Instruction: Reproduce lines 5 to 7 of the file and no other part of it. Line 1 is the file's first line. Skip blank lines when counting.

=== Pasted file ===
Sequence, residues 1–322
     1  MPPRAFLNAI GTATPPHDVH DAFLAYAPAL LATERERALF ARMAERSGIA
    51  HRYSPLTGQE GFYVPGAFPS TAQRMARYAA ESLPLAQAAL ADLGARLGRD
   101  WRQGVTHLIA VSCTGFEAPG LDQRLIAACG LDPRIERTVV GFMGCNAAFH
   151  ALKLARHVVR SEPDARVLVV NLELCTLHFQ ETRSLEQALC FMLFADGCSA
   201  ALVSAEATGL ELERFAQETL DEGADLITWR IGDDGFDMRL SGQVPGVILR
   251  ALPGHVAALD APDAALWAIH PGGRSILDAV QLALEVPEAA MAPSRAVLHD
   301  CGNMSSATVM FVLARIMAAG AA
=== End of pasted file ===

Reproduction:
   151  ALKLARHVVR SEPDARVLVV NLELCTLHFQ ETRSLEQALC FMLFADGCSA
   201  ALVSAEATGL ELERFAQETL DEGADLITWR IGDDGFDMRL SGQVPGVILR
   251  ALPGHVAALD APDAALWAIH PGGRSILDAV QLALEVPEAA MAPSRAVLHD